In ‘Mike’ Andrew Norriss has crafted another beautiful story. I started reading this book on the first day of my half-term holiday and finished it that same day. As a child I was labelled a ‘reluctant reader’ by one of my primary school teachers. She was wrong, I was not reluctant to read, only reluctant to read the unedifying books she suggested. If stories like ‘Mike’ had been available and pushed my way, I would have devoured them at ten years old in the same way I did today.
As a primary school headteacher with many years of teaching year 6, this is a book I would have read to my class and whilst it would undoubtedly make a good guided read with an able group of older pupils, I would have used it as a class read as it generates questions that would have been great to tackle altogether.
The book centres around a likeable character called Floyd who has a talent for tennis. He is in fact so talented that he is being tipped to be the next big thing in British Sport. As with all good novels there is however, a complication. The problem is Floyd’s ‘friend’ Mike; when Mike appears only Floyd can see him! Who is Mike and what does he want with Floyd?
I absolutely loved the way the story tracks Floyd’s young life and thoroughly enjoyed following the relationships that he has with his parents, with Mike, with Tennis and ultimately with Charity.
This book captured my imagination and I was unable to put it down; that on its own is such a special feeling. When the book is written by the most inspiring teacher that you ever had the good fortune to have worked with, it makes it all the more special. At school I failed all my O’Levels and at Peter Symonds College I re-took them. With Andrew Norris as my teacher in Commerce, I went from a grade U in 1984 to a grade A in 1985. Mr Norriss helped and guided me when I was a bit lost and helped me find my way back on track – just as Mike did for Floyd.
This really is a beautiful story.
A message from the publisher David Fickling
‘This novel is one of the most extraordinary things I have read. Andrew writes with the lightness of a feather, yet conveys meaning the depth of an ocean. I urge you to read it! Whether a parent, a child or simply a human being, this book will transform you – oh, what a wonder of a writer Andrew Norriss is!’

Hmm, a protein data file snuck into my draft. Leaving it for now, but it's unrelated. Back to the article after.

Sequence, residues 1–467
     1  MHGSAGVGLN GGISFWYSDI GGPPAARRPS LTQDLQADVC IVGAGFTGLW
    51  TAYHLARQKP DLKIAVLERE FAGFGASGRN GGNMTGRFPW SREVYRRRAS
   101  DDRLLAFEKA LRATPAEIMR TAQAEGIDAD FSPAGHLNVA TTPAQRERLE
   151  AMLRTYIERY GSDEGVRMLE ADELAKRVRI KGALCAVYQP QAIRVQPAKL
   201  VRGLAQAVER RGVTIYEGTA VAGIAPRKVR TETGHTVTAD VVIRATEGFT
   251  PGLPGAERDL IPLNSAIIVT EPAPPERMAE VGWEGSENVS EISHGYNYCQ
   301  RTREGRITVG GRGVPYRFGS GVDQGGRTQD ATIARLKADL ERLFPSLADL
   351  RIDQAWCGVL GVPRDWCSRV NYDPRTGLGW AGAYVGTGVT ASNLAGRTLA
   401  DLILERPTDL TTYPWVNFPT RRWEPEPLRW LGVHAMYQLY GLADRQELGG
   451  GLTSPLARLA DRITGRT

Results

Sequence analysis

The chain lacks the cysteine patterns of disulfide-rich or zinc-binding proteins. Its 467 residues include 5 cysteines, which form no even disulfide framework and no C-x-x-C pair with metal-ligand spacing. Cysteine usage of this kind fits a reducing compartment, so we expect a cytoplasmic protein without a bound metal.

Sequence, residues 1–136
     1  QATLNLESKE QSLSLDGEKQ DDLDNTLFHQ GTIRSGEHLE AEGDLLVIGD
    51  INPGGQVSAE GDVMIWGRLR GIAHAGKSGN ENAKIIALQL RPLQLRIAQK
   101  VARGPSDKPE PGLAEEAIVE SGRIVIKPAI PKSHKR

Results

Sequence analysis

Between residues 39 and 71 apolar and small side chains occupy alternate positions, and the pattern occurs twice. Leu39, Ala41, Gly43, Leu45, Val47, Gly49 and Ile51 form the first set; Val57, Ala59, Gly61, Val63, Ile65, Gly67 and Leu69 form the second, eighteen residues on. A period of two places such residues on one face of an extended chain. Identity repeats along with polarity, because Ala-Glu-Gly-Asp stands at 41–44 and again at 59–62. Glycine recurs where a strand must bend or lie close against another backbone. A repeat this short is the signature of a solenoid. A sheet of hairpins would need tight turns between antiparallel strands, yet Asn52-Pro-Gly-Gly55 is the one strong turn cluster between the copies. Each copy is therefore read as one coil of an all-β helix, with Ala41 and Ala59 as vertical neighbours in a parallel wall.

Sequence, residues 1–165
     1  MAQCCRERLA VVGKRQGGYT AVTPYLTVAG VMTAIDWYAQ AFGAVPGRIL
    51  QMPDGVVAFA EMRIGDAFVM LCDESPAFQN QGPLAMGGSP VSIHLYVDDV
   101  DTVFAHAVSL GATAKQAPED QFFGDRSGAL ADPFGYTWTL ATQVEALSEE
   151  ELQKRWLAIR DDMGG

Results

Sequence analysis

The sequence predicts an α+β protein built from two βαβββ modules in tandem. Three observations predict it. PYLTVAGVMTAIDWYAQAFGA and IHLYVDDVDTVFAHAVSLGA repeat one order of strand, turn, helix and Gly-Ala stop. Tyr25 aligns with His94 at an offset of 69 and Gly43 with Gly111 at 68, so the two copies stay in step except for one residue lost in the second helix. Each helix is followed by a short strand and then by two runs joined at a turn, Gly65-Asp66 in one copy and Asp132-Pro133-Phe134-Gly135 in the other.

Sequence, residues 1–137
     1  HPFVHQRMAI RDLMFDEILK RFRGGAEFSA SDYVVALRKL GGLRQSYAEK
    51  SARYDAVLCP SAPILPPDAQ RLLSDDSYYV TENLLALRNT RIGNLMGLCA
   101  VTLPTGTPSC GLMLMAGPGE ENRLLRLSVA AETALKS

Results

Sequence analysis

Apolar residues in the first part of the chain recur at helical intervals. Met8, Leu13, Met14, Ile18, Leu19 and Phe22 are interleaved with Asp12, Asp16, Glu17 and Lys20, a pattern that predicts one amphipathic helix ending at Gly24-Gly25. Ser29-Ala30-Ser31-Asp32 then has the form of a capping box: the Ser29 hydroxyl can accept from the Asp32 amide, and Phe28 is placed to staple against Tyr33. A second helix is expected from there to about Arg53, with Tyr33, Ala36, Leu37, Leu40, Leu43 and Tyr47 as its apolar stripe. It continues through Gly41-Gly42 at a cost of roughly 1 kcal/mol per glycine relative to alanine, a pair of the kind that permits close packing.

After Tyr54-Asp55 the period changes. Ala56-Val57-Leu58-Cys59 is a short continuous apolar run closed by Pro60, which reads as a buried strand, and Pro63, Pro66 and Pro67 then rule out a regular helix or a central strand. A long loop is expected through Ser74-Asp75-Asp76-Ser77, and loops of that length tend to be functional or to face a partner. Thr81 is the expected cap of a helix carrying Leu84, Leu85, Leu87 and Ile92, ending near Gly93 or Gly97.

I will now go out and purchase a copy of another recent book by Andrew Norriss, ‘Archie’s Unbelievably Freaky Week’, as the review by John Lloyd has whet my appetite;
Archie Coates has the most amazing talent for trouble, and whatever he does in all innocence, it’s other people that suffer. On Monday he ends up with a teacher sitting on him, on Tuesday another one ends up half-naked. Both these and a lot more are shown with all the justification you need – and more humour than you could wish for – in this brilliant little book.
As you can tell it’s one mishap after another for a remarkable boy and his friend Cyd. Fires, knife attacks, dangerous animals – health and safety would have a category just for him. But his extraordinary abilities don’t stop there – as the week that sees him drive away supply teacher after supply teacher progresses, he even turns into a dog.
Andrew Norriss is another with brilliant talents too. Structured as seven short stories, with a set pattern in beginning and end, the book, however small, burgeons with wacky invention, cleverness – and, as I say, a delightful amount of humour. Never getting too silly, or slapstick, it just hits the mark and moves on, forever sprightly, always believable, and surprising to the end.
It has a weird fixation on ending up minus your clothes, something thankfully not carried over into the excellent illustrations. All the same this freaky week is a charming way for youngsters to spend some time. It’s a finely-judged success, and on its way to being my favourite title for the under-tens for quite some time.
Review written by Tom Donohoe